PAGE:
Wednesday, September 26, 2012

Why Tortoiseshells are Tortoiseshells

Tortoiseshell cats display a wide range of markings
Most people who are familiar with cats know about tortoiseshells: those patchy, red and black kitties. Not necessarily as well known is the fact that virtually all tortoiseshells are female. Why is that?

Torti with lots of black
In domestic cats, the basic black and red pigment genes are actually located on the X chromosomes, and are thus sex-linked. Since cats are like us and their sex is determined by the X-Y system, males have only one X chromosome, while females have two of them. A lot of cats will have all chromosomes of the same type, which will lead to the cat having all red pigment or all black pigment. However, the genes are also basically co-dominant, which leads to both colors being expressed in females that have both a red X and a black X. However, things are a bit more complicated than that.

The exact mechanism behind a tortoiseshell's patch coat is actually quite fascinating. As with all X-Y animals, females don't necessarily benefit from having more than one copy of the X chromosome. The extra dose of genetic material can actually be problematic, so the body undergoes what it needs to for what is called dosage compensation. Basically, the body only wants to work with one chromosome at a time in each cell. Due to this, cells will undergo X-chromosome inactivation, packaging the material into a tiny bundle that is not usable. This little bundle is known as a Barr body.

A cell nucleus with a Barr body. Xi is the inactive chromosome in a Barr body, while Xa marks the active one
Torti-tabby ("torbie") with lots of red
Barr body formation is directly linked to the patchy coloration of tortoiseshells. Where the cat has an active black chromosome, the fur will be black pigmented. Where the cat has an active red chromosome, the fur will be red pigmented. Also, the chromosomal inactivation happens at varying stages of development. After it happens, all cells that come from the initial chromosonally inactivated cell will be of the same type. So, if a chromosome become inactive very early in development, it will lead to a large patch of fur that's the same color. Later inactivation leads to smaller patches. This is how tortoiseshell cats can have such variation in the size of their patches.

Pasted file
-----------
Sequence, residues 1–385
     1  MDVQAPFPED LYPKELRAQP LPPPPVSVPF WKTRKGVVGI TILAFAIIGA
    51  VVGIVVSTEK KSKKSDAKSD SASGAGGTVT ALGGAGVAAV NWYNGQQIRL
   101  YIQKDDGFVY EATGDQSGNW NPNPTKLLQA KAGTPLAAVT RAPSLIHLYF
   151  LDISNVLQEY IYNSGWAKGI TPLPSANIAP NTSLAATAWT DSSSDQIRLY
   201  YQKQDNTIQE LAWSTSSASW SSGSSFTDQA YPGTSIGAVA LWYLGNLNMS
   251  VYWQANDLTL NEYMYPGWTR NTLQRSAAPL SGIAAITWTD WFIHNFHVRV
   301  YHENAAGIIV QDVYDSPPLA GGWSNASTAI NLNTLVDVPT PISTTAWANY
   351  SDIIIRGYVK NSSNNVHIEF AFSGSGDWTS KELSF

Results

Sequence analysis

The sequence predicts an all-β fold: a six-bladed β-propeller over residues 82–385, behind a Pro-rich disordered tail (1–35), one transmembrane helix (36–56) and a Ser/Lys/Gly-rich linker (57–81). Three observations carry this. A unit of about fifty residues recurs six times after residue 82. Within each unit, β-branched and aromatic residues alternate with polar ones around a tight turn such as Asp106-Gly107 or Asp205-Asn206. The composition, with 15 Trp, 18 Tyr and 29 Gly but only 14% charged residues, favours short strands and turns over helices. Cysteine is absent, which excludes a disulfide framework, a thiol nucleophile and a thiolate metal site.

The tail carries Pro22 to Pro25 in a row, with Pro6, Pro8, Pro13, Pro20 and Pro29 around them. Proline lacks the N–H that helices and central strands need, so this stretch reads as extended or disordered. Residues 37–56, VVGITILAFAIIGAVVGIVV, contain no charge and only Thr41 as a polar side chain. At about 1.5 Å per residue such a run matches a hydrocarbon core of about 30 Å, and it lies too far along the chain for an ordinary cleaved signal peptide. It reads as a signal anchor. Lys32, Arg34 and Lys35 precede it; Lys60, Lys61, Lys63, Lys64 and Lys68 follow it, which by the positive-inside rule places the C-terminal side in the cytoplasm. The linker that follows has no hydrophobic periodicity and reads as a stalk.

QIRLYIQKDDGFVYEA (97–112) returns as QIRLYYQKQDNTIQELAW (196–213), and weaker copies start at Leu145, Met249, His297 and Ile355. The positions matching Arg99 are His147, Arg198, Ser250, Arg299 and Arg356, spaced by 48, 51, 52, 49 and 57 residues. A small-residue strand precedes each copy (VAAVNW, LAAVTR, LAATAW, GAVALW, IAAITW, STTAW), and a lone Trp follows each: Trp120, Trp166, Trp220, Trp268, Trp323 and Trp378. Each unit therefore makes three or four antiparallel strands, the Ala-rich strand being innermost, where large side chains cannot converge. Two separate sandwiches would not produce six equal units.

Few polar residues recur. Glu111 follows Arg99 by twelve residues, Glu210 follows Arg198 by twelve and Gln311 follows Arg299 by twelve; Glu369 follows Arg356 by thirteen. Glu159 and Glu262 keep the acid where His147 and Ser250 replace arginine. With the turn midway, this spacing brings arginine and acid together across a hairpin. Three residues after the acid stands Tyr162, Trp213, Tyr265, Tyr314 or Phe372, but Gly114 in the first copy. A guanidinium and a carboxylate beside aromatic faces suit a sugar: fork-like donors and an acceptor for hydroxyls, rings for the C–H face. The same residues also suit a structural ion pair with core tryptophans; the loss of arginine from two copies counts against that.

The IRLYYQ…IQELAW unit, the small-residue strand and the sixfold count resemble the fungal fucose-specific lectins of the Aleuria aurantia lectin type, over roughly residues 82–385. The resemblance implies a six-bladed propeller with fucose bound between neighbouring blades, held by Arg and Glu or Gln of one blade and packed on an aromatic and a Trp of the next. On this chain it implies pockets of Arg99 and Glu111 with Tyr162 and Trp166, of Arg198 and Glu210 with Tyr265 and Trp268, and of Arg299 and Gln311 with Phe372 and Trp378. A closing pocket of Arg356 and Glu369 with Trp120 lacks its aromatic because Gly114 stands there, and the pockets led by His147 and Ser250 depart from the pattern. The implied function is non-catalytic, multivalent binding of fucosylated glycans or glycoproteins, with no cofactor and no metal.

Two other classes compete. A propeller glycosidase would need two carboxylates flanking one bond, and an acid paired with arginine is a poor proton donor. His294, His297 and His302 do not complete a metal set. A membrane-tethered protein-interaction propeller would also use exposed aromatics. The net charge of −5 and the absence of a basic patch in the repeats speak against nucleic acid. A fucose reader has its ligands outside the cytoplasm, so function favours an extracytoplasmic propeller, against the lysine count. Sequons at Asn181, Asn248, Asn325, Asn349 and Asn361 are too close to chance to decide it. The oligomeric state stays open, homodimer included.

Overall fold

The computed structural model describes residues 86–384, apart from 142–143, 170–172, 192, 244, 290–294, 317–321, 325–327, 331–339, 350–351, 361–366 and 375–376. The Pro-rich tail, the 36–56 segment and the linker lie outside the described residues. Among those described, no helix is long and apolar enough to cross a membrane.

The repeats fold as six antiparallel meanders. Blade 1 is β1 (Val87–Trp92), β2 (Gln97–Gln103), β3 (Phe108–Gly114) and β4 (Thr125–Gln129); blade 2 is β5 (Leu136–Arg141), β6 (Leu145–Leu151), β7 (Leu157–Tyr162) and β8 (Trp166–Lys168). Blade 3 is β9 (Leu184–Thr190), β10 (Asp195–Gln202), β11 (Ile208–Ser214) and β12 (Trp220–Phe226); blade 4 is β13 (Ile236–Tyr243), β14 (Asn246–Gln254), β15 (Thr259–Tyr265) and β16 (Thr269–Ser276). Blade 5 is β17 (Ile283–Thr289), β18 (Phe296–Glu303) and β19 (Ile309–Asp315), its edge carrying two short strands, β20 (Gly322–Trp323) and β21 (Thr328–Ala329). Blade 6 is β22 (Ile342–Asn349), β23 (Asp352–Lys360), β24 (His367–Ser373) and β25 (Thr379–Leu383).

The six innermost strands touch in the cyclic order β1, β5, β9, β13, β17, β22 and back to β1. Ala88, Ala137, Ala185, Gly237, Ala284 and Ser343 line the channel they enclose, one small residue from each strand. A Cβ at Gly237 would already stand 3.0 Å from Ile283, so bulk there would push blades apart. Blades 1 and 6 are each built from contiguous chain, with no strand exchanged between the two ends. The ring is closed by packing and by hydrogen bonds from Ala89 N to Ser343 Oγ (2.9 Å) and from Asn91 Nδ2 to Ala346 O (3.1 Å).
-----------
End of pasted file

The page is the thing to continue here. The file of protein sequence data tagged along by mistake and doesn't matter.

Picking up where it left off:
A tortoiseshell with fairly even color distribution
Believe it or not, looking for Barr bodies is one of the easiest ways to determine if an individual has a sex chromosomal abnormality. Women with no Barr bodies are likely to be XO, while those with more than one would be XXX, XXXX, or higher. Males with Barr bodies are likely XXY, and multiple Barr bodies would be XXXY or higher. Of course, this only works for those with unusual numbers of X chromosomes and another sort of test must be done for multiple Y's.

A calico cat
Calico cats are almost exactly like tortoiseshell cats, with the only difference being the addition of the gene for white markings. 

If you see a male tortoiseshell or calico cat, it's likely to have a chromosomal abnormality such as Klinefelters syndrome (XXY) or some sort of mutation. There have been more than a few male tortoiseshells that have been found to be either chimeras, which have the DNA of two separate individuals, or mosaics resulting from some sort of mutation.

Also an interesting feature of tortoiseshells is that they cannot really be cloned. Since their coloration is based on random chromosome inactivation, the offspring will never look the same as its parent. In fact, it's more likely that the clone will be solid black or red rather than tortoiseshell since whatever cell that is collected from the donor will have already undergone the inactivation. Indeed, the first ever cloned cat, though cloned from a calico tabby, ended up a simple, uni-colored, black-pigmented tabby.

Sources are Texas A&M, Memorial University, Kimball's Biology, University of Miami, Messy Beast, Cat Fanciers' Association, Berkleyio9, and Dr. Sophia Yin. Images are from Wikimedia Commons under creative Commons licenses: one, two, three, four, five, six.


  1. I thought I read long ago something about how white markings affect the timing of the inactivation. With white, the inactivation is fairly early and you get a cat with big patches of color (calico). With little or no white, the inactivation is later and you get a cat with little areas of color intermingling (tortie).

    I'm not sure if I remember this right but it makes sense to me as I've never seen a cat with true tortie (mingled color) pattern and lots of white or a calico with big patches of color and little to no white.

    BTW, have you seen the "Chimera cat"? . The blue eye is puzzling to me.

    Nice post. :-)

    1. The blue eye is unusual, but it could simply be due to the white pattern gene that's affecting her chest. There's a pretty high chance this cat is just a calico with a very unusual pattern of barr bodies.